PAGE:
This I Believe

Motley, Arthur H. "Red"

  • Arthur Motley, president and publisher of Parade magazine, describes his expereince wathcing "Death of a Salesman" and his reaction ot the portrayal the negative portrayal of salesman and why he believes salesman and selling are synonymous with change, progress, action and is like life in miniature.
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And now, This I Believe. Here is Edward R. Murrow.
This I Believe. Arthur H. Motley is the president and publisher of Parade, the Sunday picture magazine which almost 15 million people read every week. He was raised and educated in Minnesota, and soon revealed his flair for showmanship when he ran a modernized medicine show--complete with calliope--to sell cough syrup. In 1928 he joined the Crowell-Collier Company and worked his way to the post of publisher of American Magazine. He is Chairman of the National Sales Executives, on the board of the Chamber of Commerce, and an adviser to the Commerce and State Department. Here are the personal beliefs of Red Motley.
I am a salesman. Even though I am a publisher, I am also a salesman. Several years ago, one of the most popular
plays on Broadway was Death Of A Salesman. I saw the play and watched the decay of its central figure, Willy Loman, a man whose personality and character eroded before one's eyes, supposedly because of the hollowness of a salesman's life. It was a searching play and a grim, even dismal, play. I knew what Arthur Miller, the playwright, was driving at, but as a salesman, I rejected--and I still reject--the belief that there was anything in Willy's profession that brought about his downfall. No, it was something else.
But before I explain my full meaning, let me state a few things simply. I believe in the active life. I believe in doing, in building, improving, trying to do better. I believe in change--change in institutions to improve them, change in manners to better them. I believe, finally, in selling--not just new products, but new ideas and new ways of looking at old things. I believe in new
approaches to old problems--political, social, economic, or just ordinary breakfast table disputes.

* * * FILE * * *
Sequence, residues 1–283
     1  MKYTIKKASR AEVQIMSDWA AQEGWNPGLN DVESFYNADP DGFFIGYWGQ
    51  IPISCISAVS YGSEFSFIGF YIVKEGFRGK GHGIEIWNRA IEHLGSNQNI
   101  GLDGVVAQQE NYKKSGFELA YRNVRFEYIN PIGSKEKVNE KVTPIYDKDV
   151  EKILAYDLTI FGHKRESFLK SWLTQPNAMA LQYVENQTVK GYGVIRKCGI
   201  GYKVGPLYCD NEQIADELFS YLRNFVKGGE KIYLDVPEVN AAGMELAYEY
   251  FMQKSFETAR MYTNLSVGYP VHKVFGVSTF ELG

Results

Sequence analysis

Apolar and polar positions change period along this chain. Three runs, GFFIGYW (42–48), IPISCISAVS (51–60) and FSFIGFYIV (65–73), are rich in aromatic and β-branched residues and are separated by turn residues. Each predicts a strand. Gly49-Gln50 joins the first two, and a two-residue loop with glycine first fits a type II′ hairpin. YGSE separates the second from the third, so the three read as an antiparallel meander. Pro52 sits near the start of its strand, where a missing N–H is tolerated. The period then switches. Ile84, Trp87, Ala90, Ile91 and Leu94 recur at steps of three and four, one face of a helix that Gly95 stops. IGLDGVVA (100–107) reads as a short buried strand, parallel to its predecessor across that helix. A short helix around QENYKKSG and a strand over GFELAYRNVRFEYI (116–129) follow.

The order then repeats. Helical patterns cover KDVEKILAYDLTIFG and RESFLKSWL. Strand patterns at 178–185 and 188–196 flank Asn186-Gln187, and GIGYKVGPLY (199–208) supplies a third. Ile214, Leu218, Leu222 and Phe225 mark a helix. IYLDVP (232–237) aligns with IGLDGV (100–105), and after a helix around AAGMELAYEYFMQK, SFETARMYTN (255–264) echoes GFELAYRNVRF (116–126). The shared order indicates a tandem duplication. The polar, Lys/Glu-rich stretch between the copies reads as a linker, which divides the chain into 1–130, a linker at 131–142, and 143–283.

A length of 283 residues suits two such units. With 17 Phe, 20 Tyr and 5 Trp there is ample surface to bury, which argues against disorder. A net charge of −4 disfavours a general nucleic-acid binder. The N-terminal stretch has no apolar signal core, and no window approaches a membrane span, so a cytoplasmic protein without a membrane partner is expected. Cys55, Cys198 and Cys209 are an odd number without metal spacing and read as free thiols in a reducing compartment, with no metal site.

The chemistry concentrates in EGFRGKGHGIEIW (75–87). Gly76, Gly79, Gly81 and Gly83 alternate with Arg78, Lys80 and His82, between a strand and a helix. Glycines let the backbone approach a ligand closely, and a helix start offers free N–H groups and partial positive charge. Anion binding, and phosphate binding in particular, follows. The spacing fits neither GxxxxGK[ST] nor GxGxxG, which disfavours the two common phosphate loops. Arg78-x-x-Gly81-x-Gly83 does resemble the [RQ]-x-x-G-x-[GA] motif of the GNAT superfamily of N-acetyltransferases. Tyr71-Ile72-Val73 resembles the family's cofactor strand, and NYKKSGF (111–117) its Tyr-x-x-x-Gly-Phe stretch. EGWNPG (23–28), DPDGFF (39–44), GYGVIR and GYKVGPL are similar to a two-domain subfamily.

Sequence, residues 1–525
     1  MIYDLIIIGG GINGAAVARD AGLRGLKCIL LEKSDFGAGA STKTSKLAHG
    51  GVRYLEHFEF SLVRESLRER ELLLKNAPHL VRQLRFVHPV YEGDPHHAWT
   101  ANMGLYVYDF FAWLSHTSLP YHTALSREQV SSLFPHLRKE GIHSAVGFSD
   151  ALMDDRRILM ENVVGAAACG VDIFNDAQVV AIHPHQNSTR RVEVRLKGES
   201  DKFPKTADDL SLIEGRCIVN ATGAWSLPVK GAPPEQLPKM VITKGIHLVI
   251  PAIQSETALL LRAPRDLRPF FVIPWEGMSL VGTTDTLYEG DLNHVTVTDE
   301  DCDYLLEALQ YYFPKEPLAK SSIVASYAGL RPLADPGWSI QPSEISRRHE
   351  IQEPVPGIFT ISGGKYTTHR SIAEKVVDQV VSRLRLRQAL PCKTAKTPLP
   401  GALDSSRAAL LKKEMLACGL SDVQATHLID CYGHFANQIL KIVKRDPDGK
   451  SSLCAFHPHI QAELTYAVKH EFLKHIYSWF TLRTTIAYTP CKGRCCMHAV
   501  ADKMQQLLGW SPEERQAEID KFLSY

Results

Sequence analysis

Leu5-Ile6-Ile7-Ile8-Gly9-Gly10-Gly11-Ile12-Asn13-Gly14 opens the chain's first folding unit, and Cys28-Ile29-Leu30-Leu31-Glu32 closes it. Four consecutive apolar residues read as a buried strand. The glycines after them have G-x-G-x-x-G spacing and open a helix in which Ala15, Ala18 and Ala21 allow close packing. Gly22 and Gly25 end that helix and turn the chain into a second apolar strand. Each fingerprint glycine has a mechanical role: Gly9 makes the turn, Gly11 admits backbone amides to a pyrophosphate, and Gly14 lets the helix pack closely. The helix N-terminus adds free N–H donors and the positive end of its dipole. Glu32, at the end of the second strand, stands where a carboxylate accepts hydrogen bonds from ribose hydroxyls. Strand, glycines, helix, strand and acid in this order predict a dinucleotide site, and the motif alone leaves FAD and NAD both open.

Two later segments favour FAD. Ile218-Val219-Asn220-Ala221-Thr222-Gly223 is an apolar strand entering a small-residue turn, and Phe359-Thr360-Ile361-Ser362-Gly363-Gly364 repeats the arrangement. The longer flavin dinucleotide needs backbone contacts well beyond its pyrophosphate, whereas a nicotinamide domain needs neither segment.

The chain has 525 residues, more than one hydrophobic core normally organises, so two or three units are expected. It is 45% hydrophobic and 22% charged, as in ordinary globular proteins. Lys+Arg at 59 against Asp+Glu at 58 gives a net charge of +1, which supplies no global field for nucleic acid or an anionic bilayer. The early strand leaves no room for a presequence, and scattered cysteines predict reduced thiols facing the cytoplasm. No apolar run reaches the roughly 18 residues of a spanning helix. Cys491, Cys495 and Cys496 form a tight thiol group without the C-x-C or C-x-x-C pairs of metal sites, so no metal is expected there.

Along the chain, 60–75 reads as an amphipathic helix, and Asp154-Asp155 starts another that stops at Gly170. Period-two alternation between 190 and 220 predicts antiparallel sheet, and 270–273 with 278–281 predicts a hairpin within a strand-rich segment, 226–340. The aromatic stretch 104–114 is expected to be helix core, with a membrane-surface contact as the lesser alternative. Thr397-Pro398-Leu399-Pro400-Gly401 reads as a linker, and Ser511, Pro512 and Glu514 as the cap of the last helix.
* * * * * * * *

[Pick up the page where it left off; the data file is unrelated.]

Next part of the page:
To me, these concepts of change, of action, of building and improving, are the most meaningful things in life. Not only do they bring expression and completion to the individual, but through most of history they have brought great benefit to other individuals and to society. It's been a long time since I looked at a college philosophy textbook. But I remember that when I did, I was always fascinated by how many philosophers, starting back with the old Greeks, were interested in the idea of the will, the power of the individual to do something on his own. It is an idea central to Christianity and to modern philosophy too.
Now to me, will is close to selling. The matching of values--intellectual, moral, or material, between two parties to see where the
most advantageous balance can be struck. Each side can take or leave what the other has to offer. But each side exercises its own will, and thus its own personality to the fullest. Thus I believe in selling as an act of will, and in competition as the best means of improving products, moral systems, governments, perhaps even religions. Was not St. Paul, in a certain crude sense, one of the greatest salesman of all time when he wandered through the marketplaces of the Near East, pitting the message of Jesus against the priests of the old religions?
But what about Willy Loman? In the play, he was a salesman, and his life suddenly fell about him in tatters. That to me was not at all because Willy happened to be cast as a businessman, but because he failed, through a flaw in his own character, to realize that selling is, in some ways, life in miniature. And that to master his territory and to sell his wares was
only the first step in coming to terms with other clients: the difficult customers of life, and growing age, and a wife who loved but failed to sympathize. Willy could sell others, but not himself.
One final word. I know that certain people find something crass in the idea of a salesman--something loud, pushy, and intolerable. I regret this but make no apologies. I also know well the satisfactions of a less hurried, less dynamic life. These I can appreciate. They are simply not for me.
I believe in action, in will, in change, and I am deeply convinced that the great advance our civilization has made since the time of Moses has been because many other people believe them too.
Those were the beliefs of Red Motley of Larchmont, New York, publisher of Parade Magazine.